Forty years later, the Cleveland Plain Dealer published an investigation of the Kent State shooting based on new analyses of audio recordings from the scene. The Plain Dealer concluded that an FBI informant who was photographing student protestors fired four shots from his .38-caliber revolver after students began threatening him. That gunfire started barely a minute before the Ohio National Guard opened fire. Gunshots from the FBI informant apparently spooked guard commanders into believing they were taking sniper fire, spurring the order to shoot students. The informant denied having fired, but witnesses testified differently. (The FBI hustled the informant from the scene and he later became an undercover narcotics cop in Washington, DC.) Though there is no evidence that the FBI sought to provoke carnage at Kent State, FBI agents involved in COINTELPRO (the Counterintelligence Program) in the 1960s and 1970s boasted of “false flag” operations which provoked killings.
If some malicious group wanted to plunge this nation into chaos and fear, National Guard troops at a checkpoint would be an easy target—at least for the first moments after they were fired upon (most of the troops do not have ammo magazines in their rifles). The sweeping reaction to January 6 might be far surpassed if troops are gunned down regardless of whether the culprits were right-wing extremists, Antifa, or foreign infiltrators. An attack on the troops would likely perpetuate the military occupation and potentially spur Biden to declare martial law.
Last spring, when riots erupted after the killing of George Floyd in Minneapolis, President Trump warned that “the Federal Government will step in and do what has to be done, and that includes using the unlimited power of our Military and many arrests.” Many activists were justifiably appalled at the specter of Trump seizing dictatorial power over areas wracked by violent protests. But the danger remains regardless of who is president.
Martial law is the ultimate revocation of constitutional rights: anyone who disobeys soldiers’ orders can be shot. There are plenty of malevolent actors here and abroad who would relish seeing martial law declared in Washington, the paramount disgrace for the world’s proudest democracy.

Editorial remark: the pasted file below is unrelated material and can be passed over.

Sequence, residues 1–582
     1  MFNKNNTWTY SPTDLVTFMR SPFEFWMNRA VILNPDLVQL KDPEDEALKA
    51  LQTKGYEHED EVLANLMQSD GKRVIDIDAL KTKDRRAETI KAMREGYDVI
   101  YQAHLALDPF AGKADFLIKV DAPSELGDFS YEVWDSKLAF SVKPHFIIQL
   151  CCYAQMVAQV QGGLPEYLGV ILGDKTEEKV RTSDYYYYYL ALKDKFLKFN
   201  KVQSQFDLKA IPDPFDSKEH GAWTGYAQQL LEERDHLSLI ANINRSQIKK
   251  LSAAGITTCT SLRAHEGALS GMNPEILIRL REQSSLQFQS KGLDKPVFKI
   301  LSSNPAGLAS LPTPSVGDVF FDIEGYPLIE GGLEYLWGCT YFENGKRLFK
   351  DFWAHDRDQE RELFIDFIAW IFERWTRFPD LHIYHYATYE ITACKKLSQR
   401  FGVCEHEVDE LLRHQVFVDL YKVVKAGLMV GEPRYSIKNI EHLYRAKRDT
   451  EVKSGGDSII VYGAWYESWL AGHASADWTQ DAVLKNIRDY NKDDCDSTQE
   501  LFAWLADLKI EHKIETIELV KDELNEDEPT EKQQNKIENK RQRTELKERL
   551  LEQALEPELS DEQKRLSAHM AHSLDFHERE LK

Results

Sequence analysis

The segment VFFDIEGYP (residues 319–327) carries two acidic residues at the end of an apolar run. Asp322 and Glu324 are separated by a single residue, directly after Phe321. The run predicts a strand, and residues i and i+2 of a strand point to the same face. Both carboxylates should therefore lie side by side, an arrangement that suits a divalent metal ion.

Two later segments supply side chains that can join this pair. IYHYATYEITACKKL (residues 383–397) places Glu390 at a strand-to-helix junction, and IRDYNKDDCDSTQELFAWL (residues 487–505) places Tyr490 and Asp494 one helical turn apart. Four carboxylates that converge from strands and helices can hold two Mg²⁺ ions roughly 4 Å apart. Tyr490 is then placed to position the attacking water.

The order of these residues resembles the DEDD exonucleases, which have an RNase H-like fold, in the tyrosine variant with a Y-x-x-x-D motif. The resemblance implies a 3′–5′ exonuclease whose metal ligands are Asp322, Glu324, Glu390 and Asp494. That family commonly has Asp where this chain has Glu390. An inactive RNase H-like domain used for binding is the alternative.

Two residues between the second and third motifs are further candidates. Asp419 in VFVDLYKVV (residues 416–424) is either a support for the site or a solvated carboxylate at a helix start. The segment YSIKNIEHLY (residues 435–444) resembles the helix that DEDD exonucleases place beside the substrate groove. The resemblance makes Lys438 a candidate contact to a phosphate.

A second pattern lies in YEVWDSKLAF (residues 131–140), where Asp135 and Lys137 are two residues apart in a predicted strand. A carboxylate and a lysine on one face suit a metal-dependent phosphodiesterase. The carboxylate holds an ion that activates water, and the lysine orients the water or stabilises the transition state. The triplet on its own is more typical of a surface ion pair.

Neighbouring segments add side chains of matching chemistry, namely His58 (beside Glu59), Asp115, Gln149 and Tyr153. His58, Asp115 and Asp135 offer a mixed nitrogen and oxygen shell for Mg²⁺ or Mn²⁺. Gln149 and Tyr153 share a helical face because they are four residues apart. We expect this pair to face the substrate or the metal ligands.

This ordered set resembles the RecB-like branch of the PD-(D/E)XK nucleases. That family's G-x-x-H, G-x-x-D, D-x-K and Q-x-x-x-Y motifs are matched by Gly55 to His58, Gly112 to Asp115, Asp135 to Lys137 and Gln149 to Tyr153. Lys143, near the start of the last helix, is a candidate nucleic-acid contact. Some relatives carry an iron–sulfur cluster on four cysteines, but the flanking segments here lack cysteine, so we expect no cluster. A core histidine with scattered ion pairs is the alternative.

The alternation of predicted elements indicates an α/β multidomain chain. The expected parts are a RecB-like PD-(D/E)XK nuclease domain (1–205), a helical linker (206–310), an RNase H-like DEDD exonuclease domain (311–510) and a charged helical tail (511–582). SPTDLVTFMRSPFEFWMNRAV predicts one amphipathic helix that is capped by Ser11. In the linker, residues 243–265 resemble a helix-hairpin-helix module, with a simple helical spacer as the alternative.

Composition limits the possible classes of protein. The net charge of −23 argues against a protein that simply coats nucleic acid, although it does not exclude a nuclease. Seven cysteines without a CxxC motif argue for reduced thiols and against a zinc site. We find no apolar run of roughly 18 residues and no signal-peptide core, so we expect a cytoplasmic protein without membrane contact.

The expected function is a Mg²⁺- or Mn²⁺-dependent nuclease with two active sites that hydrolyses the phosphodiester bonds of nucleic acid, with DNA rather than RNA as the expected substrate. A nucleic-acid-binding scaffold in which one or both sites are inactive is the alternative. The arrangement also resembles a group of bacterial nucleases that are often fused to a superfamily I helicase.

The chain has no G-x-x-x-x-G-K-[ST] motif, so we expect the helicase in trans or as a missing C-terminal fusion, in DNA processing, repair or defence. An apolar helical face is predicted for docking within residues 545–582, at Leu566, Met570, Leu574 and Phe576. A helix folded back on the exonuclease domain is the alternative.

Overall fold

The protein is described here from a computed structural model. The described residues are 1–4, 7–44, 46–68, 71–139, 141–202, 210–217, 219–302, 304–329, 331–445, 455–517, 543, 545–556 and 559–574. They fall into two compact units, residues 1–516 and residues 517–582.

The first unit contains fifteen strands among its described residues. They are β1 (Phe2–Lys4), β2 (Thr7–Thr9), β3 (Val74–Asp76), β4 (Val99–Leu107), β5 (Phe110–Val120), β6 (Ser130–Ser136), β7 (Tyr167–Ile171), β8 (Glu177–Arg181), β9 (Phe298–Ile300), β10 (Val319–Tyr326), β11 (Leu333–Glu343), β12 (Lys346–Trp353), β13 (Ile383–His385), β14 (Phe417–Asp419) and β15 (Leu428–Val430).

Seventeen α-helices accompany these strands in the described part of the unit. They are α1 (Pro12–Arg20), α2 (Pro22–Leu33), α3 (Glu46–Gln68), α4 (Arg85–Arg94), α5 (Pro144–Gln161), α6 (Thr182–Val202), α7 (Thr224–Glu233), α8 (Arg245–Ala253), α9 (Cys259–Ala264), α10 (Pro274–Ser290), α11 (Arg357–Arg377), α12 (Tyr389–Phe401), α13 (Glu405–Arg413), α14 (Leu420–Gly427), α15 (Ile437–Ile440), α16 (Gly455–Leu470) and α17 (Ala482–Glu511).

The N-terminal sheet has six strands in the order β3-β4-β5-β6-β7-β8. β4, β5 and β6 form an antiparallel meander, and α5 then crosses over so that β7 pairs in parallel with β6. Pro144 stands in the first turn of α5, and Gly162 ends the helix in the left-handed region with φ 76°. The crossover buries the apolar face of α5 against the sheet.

Unfortunately, Biden would have plenty of support initially if he proclaimed that violence in Washington required him to declare martial law. As the Washington Post noted in 2018, a public opinion poll showed that 25 percent of Americans believed “a military takeover was justified if there were widespread corruption or crime.” The Journal of Democracy reported that polls showed that only 19 percent of Millennials in the US believed that it would be illegitimate “in a democracy for the military to take over when the government is incompetent or failing to do its job.” But trusting to military rule for Millennial wish fulfillment would be the biggest folly of them all. Support for martial law is the ultimate proof of declining political literacy in this nation.
Regardless of the risks, some politicians are clinging to the presence of the troops in Washington like Linus clutching his “security blanket” in a Peanuts cartoon. Will we now see regular alarms from a long series of politicians and political appointees working to “keep up the fear”?
History is littered with stories of nations scourged by “temporary” martial law that perpetuated itself. Anyone who believes America is immune should recall Senator Taylor’s 1821 warning against presuming “our good theoretical system of government is a sufficient security against actual tyranny.”
*About the author: James Bovard is the author of ten books, including 2012’s Public Policy Hooligan, and 2006’s Attention Deficit Democracy. He has written for the New York Times, Wall Street Journal, Playboy, Washington Post, and many other publications.
Source: This article was published by the MISES Institute